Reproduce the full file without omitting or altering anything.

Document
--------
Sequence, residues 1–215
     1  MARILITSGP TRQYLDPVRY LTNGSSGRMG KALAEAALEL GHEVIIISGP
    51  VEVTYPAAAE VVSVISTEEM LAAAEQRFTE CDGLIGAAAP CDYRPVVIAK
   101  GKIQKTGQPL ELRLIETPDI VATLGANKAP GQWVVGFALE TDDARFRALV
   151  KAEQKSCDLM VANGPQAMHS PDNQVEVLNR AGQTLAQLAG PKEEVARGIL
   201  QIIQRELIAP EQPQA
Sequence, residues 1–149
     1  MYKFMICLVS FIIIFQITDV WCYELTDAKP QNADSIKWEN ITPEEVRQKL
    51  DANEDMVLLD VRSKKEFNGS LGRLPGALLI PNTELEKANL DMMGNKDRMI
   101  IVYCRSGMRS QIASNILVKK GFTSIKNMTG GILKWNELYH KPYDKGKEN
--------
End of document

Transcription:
Sequence, residues 1–215
     1  MARILITSGP TRQYLDPVRY LTNGSSGRMG KALAEAALEL GHEVIIISGP
    51  VEVTYPAAAE VVSVISTEEM LAAAEQRFTE CDGLIGAAAP CDYRPVVIAK
   101  GKIQKTGQPL ELRLIETPDI VATLGANKAP GQWVVGFALE TDDARFRALV
   151  KAEQKSCDLM VANGPQAMHS PDNQVEVLNR AGQTLAQLAG PKEEVARGIL
   201  QIIQRELIAP EQPQA
Sequence, residues 1–149
     1  MYKFMICLVS FIIIFQITDV WCYELTDAKP QNADSIKWEN ITPEEVRQKL
    51  DANEDMVLLD VRSKKEFNGS LGRLPGALLI PNTELEKANL DMMGNKDRMI
   101  IVYCRSGMRS QIASNILVKK GFTSIKNMTG GILKWNELYH KPYDKGKEN